In general, many compressed digital sources can be transcoded to
streaming formats, but not all compressed formats transcode well. This
is due to the fact that some compressed digital formats also use
"lossey" compression methods to achieve higher data transfer rates. When
these compressed files are transcoded, areas that have had the original
data discarded are recompressed. The result is called an artifact, which
is an unnatural spot in the image that is visually distracting. MPEG1,
MPEG2, DV and compressed AVIs are all formats that can be transcoded.
The process is identical to encoding except the capture phase is not
The Encoding Triangle
As mentioned earlier, the most challenging task in encoding is balancing
between a low enough delivery rate to deliver continuously over the
target delivery rate and acceptable quality. To achieve this, you must
think in terms of a triangle. The target delivery rate is the triangle
that is fixed. Priority can then be put on any two corners at the
expense of the third. For instance, if your content is fast motion, then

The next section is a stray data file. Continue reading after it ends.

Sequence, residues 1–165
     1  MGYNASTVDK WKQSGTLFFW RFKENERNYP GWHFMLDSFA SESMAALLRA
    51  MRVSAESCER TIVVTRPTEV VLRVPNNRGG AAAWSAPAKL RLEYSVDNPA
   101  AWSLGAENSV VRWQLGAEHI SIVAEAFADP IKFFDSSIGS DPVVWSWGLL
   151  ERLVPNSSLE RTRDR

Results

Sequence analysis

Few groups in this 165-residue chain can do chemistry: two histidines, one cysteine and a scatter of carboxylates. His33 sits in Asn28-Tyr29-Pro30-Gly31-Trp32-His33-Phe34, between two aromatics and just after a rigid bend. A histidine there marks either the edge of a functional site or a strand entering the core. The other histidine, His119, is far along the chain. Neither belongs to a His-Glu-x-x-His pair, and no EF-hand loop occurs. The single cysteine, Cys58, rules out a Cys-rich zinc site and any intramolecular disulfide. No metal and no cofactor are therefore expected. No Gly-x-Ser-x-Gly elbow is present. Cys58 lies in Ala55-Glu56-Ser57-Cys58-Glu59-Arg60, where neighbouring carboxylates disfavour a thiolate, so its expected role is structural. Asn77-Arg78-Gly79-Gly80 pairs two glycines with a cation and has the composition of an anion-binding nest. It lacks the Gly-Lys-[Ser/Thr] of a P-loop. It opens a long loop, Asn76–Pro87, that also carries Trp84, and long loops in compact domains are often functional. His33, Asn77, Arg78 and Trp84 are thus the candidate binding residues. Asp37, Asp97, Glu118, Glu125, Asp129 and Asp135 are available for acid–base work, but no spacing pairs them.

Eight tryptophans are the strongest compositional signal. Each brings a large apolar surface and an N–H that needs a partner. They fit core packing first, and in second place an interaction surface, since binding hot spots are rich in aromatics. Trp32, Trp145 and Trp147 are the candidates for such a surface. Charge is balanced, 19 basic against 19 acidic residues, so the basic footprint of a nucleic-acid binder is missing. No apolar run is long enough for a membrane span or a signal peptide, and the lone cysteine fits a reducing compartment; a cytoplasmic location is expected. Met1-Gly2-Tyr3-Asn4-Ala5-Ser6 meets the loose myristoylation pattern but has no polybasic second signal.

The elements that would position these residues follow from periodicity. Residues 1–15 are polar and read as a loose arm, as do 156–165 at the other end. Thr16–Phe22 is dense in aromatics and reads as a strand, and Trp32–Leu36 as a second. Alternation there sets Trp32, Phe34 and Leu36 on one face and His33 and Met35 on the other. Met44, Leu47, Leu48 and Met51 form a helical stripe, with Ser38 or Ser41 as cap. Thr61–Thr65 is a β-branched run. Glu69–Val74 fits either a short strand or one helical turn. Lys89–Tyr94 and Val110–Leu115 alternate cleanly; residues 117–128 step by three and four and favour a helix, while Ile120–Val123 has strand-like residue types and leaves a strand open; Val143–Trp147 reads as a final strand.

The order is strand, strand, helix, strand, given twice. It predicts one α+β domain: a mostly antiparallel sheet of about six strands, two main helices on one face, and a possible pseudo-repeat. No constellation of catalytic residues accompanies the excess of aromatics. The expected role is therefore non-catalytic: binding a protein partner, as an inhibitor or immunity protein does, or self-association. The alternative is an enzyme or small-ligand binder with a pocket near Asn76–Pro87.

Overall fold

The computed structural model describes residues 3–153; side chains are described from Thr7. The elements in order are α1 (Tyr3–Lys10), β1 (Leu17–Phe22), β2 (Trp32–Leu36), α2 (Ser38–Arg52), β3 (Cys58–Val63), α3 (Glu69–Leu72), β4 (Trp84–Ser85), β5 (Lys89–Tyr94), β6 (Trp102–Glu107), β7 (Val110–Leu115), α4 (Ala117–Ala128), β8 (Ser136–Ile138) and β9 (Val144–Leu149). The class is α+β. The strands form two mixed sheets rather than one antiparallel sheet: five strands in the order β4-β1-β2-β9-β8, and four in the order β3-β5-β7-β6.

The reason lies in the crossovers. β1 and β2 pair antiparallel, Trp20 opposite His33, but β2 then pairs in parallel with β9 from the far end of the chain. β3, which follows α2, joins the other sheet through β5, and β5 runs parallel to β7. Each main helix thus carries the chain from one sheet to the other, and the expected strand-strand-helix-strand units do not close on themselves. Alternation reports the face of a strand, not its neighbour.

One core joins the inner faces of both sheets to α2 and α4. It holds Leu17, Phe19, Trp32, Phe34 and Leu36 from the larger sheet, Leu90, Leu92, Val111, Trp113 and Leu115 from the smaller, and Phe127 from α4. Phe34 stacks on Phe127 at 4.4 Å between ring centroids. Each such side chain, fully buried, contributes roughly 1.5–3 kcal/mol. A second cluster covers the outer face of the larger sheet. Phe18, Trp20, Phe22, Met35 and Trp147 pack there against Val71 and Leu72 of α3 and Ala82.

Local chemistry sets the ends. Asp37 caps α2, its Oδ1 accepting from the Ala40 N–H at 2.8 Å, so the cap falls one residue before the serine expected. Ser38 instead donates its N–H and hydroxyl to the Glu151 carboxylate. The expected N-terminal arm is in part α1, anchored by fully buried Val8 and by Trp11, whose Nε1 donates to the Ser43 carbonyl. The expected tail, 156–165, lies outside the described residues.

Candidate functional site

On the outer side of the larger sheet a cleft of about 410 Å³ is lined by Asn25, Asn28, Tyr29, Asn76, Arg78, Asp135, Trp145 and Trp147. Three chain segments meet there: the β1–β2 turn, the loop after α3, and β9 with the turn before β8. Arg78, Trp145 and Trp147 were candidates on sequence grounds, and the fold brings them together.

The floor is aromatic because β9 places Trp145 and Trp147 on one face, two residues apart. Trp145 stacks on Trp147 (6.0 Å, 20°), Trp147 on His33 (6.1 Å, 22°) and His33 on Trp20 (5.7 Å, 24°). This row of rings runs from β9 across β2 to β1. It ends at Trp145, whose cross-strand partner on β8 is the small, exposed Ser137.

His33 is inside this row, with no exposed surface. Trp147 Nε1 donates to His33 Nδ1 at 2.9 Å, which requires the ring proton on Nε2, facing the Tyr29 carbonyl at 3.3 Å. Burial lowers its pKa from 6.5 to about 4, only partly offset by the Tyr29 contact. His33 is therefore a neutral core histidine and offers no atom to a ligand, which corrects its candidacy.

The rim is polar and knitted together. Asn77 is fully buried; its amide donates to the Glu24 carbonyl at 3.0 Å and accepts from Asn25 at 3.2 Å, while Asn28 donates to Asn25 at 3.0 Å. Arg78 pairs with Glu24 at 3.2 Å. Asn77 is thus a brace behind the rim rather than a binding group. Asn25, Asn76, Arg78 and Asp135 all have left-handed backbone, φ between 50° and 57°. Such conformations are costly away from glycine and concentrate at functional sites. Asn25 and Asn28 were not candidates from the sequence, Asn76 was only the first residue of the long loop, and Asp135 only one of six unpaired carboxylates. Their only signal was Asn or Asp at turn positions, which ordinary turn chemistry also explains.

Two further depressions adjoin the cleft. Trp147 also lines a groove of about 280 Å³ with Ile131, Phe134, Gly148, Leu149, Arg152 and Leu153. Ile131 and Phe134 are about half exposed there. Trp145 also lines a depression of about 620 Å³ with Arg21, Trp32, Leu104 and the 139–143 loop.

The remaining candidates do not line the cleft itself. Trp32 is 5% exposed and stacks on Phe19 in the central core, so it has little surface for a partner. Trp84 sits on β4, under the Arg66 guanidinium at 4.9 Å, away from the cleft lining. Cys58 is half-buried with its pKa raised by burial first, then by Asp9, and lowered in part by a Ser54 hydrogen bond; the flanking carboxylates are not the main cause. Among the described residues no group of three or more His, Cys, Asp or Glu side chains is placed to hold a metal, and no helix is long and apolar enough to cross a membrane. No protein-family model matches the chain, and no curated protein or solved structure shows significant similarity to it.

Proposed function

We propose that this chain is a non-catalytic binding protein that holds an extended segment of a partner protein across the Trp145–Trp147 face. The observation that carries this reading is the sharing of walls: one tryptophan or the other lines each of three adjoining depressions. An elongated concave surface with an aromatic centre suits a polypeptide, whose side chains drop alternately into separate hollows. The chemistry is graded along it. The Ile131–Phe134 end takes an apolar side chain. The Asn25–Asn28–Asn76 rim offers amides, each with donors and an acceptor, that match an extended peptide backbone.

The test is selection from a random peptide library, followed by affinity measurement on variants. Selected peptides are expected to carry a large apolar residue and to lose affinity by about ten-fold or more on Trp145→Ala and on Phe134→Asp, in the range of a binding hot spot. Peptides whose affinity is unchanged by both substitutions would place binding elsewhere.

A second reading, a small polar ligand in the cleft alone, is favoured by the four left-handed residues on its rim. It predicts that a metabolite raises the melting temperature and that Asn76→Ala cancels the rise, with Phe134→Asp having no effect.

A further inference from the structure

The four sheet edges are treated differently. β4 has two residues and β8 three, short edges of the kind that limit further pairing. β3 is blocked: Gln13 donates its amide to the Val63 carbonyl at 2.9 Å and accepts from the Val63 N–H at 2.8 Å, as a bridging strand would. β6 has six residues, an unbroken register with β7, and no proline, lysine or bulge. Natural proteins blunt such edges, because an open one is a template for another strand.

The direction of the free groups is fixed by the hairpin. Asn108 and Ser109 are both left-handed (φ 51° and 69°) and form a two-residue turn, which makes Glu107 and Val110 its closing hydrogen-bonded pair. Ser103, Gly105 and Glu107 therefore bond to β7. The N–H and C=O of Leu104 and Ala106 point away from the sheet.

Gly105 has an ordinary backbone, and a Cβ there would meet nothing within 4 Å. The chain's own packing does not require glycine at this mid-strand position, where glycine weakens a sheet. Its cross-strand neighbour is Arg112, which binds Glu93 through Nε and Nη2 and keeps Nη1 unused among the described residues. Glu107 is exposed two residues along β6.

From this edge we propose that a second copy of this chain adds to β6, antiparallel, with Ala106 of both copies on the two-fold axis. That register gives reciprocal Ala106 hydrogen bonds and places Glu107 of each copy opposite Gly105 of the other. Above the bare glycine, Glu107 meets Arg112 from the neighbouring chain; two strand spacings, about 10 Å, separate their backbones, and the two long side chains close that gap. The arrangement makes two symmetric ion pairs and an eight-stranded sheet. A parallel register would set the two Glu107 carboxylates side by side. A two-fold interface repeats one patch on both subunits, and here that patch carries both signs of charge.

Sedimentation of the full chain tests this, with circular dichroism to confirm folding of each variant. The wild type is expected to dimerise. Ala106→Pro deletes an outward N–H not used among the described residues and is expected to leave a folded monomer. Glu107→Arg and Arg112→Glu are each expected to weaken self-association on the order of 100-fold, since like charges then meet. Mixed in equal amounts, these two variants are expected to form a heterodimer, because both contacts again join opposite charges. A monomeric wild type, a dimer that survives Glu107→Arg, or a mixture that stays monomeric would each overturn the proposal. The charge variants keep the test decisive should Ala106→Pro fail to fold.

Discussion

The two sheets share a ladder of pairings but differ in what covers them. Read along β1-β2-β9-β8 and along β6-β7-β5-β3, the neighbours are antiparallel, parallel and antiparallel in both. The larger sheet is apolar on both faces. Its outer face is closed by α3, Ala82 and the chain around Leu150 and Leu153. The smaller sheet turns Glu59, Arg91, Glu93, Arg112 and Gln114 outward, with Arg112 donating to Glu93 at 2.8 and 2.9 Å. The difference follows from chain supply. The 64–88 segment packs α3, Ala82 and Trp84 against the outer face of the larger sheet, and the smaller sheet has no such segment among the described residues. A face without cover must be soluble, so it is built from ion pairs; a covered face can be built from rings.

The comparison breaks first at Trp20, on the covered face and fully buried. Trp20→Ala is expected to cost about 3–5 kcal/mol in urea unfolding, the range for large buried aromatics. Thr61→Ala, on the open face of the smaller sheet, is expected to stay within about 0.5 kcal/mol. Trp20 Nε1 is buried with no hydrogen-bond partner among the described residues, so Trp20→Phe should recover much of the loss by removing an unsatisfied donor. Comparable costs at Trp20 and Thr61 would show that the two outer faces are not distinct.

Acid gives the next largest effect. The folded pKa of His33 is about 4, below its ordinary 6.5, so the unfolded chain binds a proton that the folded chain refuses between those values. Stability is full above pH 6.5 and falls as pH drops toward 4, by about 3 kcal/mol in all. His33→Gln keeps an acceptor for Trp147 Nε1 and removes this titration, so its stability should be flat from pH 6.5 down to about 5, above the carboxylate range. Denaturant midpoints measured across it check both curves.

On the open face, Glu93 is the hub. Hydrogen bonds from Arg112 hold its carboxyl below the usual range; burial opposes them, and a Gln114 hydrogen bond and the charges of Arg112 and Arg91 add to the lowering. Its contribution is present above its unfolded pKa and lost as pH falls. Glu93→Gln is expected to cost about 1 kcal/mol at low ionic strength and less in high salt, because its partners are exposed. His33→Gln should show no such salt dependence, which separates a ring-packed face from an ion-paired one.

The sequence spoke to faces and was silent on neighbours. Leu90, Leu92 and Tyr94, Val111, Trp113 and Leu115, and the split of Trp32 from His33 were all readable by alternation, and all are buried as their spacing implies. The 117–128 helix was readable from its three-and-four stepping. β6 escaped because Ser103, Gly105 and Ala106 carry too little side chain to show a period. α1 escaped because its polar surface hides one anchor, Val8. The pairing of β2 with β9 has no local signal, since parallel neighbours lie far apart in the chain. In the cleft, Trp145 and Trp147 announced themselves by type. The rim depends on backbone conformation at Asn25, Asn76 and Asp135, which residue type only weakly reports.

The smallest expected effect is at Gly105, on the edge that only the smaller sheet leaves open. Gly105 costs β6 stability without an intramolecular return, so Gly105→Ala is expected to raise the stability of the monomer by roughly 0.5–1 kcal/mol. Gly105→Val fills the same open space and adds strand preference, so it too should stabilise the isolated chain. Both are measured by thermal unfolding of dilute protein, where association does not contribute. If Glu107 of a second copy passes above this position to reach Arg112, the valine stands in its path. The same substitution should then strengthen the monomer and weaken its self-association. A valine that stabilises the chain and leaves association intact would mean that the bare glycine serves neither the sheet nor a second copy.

image quality and frame rate are going to be important to render
acceptable action. With emphasis on these two, the frame size will have
to be lowered to keep the amount of overall data required to render the
video. If the content is a talking head, with little to no motion, then
you can increase the available bandwidth for the frame size and quality
by lowering the frame rate. In addition to this main rule, there are two
- Spacing of "key frames"The fewer key frames in the video,
the less overall bandwidth it will need to stream.
- You can also adjust the amount of bandwidth allocated to the
audio to increase available bandwidth to the video.
In conclusion, encoding is a constant balancing of settings to achieve
an acceptable result. With practice and experience, media can be produced
to dazzle all Streaming Media users on the Internet.